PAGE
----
Fig 4. Venn diagram for miRComb miRNA-mRNA interactions between 5 digestive cancers.

Venn diagram showing miRComb miRNA-mRNA interactions (FDR < 0.05 and predicted in at least one database) that are present in at least one cancer. 1570 miRNA-mRNA interactions appear in the 5 studied digestive cancers.

In S2 Fig a network represents the 1570 common miRNA-mRNA interactions among the five studied mentioned data sets. We can see two networks: the big network on the left contains mostly downregulted miRNAs with their upregulated mRNA targets (780 miRNAs + mRNAs, and 1305 miRNA-mRNA pairs), while the smaller network on the right contains mostly upregulated miRNAs and their downregulated mRNA targets (173 miRNAs + mRNAs, and 187 miRNA-mRNA pairs). We have spotted the mRNAs that have KEGG terms related to cancer, such as Cell Cycle (red), Pathways in Cancer (yellow) and MAPK Signaling Patway (blue). Combinations of these terms are also displayed in different colours. The network on the right contains some mRNAs related to Cell Cycle, while the big on the left is mostly related to MAPK Signalling Pathway, Pathways in Cancer, or both terms (green).

The common interactions can be related to pathways that are shared by all the studied digestive cancers. However, it is also interesting to study the interactions that can be specific of each one. In S1 Table, all the specific miRComb miRNA-mRNA interactions for each cancer data set are shown (a specific interaction is the one that has been found significantly negatively correlated in one data set but not in the others). Tables 26 show the top 10 miRNAs with more miRComb miRNA-mRNA specific interactions for each cancer.

Table 2. Top 10 miRNAs sorted by number of specific targets in COAD.

Target mRNAs are sorted according to its negative correlation value (top 20 are dislplayed).

Table 3. Top 10 miRNAs sorted by number of specific targets in ESCA.

Target mRNAs are sorted according to its negative correlation value (top 20 are dislplayed).

Table 4. Top 10 miRNAs sorted by number of specific targets in LIHC.

Target mRNAs are sorted according to its negative correlation value (top 20 are dislplayed).

Table 5. Top 10 miRNAs sorted by number of specific targets in READ.

Target mRNAs are sorted according to its negative correlation value (top 20 are dislplayed).

Table 6. Top 10 miRNAs sorted by number of specific targets in STAD.

Target mRNAs are sorted according to its negative correlation value (top 20 are dislplayed).

Fig 5 also shows the number of specific interactions depending on the miRNAs involved in LIHC. MiRNAs on the line corresponding to ratio 1:1 are those that are only expressed in liver. The others are expressed in at least another cancer, but they have some specific interactions in LIHC, the closer to the ratio 1:1 line are, the higher specificity is.

Fig 5. Specificity of MiRNA-mRNA interactions in LIHC.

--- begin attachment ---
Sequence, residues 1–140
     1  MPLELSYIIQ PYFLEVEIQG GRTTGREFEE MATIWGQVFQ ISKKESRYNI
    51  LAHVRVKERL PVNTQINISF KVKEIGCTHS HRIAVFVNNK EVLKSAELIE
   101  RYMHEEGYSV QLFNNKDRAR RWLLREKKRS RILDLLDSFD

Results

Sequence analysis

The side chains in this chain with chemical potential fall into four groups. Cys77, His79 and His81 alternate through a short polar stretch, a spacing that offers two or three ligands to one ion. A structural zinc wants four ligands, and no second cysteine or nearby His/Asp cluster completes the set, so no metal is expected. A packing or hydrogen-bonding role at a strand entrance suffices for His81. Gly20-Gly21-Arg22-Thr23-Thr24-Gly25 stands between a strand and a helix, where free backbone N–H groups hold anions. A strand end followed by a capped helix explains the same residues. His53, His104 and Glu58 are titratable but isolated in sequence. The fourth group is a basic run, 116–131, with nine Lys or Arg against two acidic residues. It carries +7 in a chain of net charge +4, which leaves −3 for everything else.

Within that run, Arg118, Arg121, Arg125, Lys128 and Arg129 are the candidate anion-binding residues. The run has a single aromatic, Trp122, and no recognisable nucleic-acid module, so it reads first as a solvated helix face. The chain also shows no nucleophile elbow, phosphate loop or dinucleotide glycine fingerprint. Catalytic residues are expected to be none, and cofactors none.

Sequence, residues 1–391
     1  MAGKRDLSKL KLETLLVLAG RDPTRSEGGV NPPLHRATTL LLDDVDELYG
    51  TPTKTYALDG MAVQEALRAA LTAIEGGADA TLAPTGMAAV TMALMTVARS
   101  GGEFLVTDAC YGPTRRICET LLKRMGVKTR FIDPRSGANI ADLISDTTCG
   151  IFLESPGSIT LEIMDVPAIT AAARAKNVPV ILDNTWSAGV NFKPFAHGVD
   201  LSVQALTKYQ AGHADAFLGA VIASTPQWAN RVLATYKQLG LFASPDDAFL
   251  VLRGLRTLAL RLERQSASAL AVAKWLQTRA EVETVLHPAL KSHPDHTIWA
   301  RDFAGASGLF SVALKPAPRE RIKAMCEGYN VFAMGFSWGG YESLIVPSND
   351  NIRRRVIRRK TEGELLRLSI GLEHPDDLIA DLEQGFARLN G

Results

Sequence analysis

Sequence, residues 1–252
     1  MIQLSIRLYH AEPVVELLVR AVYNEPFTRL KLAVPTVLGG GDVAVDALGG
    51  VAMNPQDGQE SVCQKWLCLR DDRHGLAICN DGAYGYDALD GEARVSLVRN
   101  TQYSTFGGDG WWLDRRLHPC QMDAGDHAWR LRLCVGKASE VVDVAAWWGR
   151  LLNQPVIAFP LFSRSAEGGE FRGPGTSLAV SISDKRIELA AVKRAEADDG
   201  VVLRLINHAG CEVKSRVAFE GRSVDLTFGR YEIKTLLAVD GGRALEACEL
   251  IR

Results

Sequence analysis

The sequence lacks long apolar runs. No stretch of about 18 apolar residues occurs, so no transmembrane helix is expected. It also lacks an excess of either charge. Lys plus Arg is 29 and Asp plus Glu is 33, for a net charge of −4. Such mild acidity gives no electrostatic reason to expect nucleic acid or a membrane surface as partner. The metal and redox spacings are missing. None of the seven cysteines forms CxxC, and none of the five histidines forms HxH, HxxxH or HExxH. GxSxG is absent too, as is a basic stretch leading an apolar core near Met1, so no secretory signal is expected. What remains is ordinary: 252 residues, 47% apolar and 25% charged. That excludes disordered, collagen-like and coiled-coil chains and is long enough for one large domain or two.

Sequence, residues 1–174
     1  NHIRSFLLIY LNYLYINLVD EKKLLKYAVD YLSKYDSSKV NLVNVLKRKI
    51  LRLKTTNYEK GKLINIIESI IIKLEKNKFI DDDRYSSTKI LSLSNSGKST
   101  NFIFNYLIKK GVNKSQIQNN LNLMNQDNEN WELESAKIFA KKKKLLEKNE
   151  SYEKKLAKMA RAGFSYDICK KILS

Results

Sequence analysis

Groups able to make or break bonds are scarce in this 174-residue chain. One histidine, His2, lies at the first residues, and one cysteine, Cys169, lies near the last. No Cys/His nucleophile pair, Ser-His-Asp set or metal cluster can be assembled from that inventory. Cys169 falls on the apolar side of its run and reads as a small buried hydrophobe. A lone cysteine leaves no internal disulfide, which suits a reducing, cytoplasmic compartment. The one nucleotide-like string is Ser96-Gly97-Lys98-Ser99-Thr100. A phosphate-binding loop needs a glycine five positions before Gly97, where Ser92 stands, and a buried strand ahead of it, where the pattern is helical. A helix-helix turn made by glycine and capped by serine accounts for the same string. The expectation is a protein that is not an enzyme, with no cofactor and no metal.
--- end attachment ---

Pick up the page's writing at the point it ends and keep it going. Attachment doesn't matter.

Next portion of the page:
Number of total miRNA targets in LIHC versus number of miRNA targets present only in LIHC but not in COAD, ESCA, READ or STAD. Size of the points is proportional to the mean miRNA expression on the LIHC samples included.

Cluster analysis of miRNA-mRNA interactions.

Globally, there are 106.426 miRNA-mRNA interactions measured in all cancer data sets, and significantly negatively correlated in at least one of them. In order to classify them into similar patterns, we applied clustering methods in order to summarize the main trends. We used the K-means method with 4 clusters as it gave a reasonable interpretation of the results (Fig 6). Interestingly, hierarchical clustering of cancers according to the mean correlation coefficients of the clusters gives the following result: STAD and ESCA are first grouped, as well as READ and COAD. Next, these four cancers are grouped, and finally LIHC is added to the tree. Principal Components Analysis shows the same pattern. It is an expected result and is reasonable with biological similarities of these tumors. Successive increase of the number of clusters allow to differentiate other trends according to the correlations (data not shown), but the tree structure described before (COAD+READ, ESCA+STAD and then LIHC) is always maintained.

Fig 6. Clustering and Principal Components Analysis of the five digestive cancers.

Computations are based on the correlation coefficients of the 106.426 miRNA-mRNA pairs that are expressed across all five cancer data sets. A) Heatmap showing the centers of the different clusters. Values represent the mean of the Pearson correlation coefficient of the miRNA-mRNA pairs that fall into the cluster. B) Principal Components Analysis (based on correlation matrix) of the Pearson correlation coefficient of the miRNA-mRNA pairs from the five digestive cancer data sets.

Clusters can be interpreted as follows: Cluster 1: miRNA-mRNA interactions slightly negatively regulated across all cancers and interactions that do not fit other clusters; Cluster 2: miRNA-mRNA interactions negatively correlated in COAD and READ, but not in the other cancers; Cluster 3: miRNA-mRNA interactions negatively regulated in ESCA and STAD, but not in the other cancers; Cluster 4: miRNA-mRNA interactions negatively regulated in LIHC, but not in the other cancers. For example, miR-106a and its targets are quite specific of Cluster 2 –COAD and READ- (although they are also present in some extent in Cluster 1 –all cancers-). Another example, miR-29c targets are specific from Clusters 3 –LIHC and ESCA- and 4 –LIHC-, and have almost no presence in Cluster 2. Furthermore, miR-22 targets are specific from Cluster 4 –LIHC-, and others such as miR-30b or let-7b targets seem to not show any clear specificity (S3 Fig).